Germany would bear the brunt of global job losses should the UK leave the European Union without a trade deal in place, according to a new study.
Economists at the Leibniz Institute for Economic Research Halle (IWH) and the Martin Luther University Halle-Wittenberg calculated that roughly 600,000 jobs globally could be affected by a no-deal Brexit. Germany could expect some 100,000 job losses, with China and France coming second and third with nearly 60,000 and 50,000 jobs affected, respectively.
The IWH focused on job losses after a no-deal Brexit as a result of a drop in exports to the UK. The study based its calculations on data from the World Input Output Database (WIOD) and the assumption that demand from the UK for EU goods and services would plunge by a quarter following a hard Brexit, because of higher prices based on new tariffs.
The study said the German car industry would be the worst hit, with an estimated 15,000 positions lost across production and sales, concentrated in places like Volkswagen’s home turf in Wolfsburg and BMW’s in Dingolfing, Lower Bavaria. Germany’s tech heartlands, home to companies like Siemens, would also suffer.
German automotive bosses have warned repeatedly over the past two years that Brexit will make the complex “just-in-time” supply chains between the two countries even more complicated and increase costs. A no-deal Brexit would have even more serious consequences. Daimler CEO Dieter Zetsche warned in October that a hard Brexit was “highly worrying” for the carmaker and that Daimler could see an immediate slowdown in demand for Mercedes-Benz cars and lorries in Britain.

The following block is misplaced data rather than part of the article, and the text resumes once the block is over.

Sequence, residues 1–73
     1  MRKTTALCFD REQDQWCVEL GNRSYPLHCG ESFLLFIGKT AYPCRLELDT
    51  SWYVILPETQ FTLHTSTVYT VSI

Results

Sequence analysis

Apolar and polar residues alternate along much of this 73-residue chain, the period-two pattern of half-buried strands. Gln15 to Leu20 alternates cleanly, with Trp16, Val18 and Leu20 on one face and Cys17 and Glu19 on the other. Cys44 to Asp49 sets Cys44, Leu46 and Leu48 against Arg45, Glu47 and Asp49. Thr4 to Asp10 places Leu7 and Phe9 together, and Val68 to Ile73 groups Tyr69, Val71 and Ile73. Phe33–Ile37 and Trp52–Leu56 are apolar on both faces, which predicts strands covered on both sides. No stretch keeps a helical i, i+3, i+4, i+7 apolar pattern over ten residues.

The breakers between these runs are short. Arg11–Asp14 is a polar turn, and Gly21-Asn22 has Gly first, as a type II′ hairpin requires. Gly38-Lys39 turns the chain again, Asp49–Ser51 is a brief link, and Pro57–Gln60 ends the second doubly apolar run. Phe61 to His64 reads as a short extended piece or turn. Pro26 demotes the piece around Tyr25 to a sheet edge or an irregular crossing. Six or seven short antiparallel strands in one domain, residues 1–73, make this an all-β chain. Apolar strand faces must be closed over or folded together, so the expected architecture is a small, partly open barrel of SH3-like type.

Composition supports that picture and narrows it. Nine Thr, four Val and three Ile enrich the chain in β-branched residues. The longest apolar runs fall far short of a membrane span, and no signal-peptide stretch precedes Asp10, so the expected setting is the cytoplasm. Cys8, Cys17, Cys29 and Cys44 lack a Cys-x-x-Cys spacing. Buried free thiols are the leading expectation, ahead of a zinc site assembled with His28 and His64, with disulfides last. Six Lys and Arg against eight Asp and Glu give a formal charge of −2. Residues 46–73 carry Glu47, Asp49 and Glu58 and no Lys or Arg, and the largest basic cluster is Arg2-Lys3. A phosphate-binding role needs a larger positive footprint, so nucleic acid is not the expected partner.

After the British parliament rejected the Brexit withdrawal agreement in January, German carmakers urged the British government not to leave the bloc without a trade deal. BMW, which makes more than half of its Minis in Oxford, and Volkswagen both said the UK needed to act to ensure tariff-free trade after Brexit.
“The consequences of a ‘no deal’ would be fatal,” German auto industry association (VDA) said. “Without an orderly and practical solution for business, jobs in the car industry, particularly on the British side, are on the line.”
“A hard Brexit would stir up global value chains,” said study author and IWH vice president and chief executive Oliver Holtemöller, noting that it would cause a significant loss of prosperity in the EU. Job losses would not be the only fallout — companies could also put workers on part-time contracts, so as not to lose skilled people in economies, like Germany, that already struggle to fill skilled positions.